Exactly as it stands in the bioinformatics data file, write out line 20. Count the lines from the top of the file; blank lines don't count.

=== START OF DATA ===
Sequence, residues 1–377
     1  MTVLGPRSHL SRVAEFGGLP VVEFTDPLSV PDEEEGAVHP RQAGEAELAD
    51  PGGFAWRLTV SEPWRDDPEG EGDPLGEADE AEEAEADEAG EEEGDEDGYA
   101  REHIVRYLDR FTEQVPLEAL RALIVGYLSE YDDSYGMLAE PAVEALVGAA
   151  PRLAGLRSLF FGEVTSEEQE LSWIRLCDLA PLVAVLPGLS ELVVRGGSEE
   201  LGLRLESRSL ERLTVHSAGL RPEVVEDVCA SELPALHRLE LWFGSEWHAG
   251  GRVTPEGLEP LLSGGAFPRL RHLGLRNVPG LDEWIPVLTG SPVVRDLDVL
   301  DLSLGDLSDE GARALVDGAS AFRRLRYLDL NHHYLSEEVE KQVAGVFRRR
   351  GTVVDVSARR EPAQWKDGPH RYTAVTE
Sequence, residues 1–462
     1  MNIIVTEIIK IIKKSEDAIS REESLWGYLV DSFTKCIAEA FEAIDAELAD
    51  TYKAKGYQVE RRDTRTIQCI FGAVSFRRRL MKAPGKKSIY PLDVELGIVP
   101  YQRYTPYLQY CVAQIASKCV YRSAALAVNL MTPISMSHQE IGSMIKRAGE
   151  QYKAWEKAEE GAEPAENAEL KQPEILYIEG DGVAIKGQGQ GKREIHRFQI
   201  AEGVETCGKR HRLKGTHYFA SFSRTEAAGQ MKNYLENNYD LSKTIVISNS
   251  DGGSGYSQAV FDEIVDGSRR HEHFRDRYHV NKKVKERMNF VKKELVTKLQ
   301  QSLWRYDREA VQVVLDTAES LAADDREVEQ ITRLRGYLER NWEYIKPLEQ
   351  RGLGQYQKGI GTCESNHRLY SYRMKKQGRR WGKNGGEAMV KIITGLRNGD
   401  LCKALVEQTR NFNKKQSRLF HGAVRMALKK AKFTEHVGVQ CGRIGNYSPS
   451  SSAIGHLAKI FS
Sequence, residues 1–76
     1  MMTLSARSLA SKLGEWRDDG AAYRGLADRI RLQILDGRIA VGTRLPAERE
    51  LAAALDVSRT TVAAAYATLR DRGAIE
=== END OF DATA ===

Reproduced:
   451  SSAIGHLAKI FS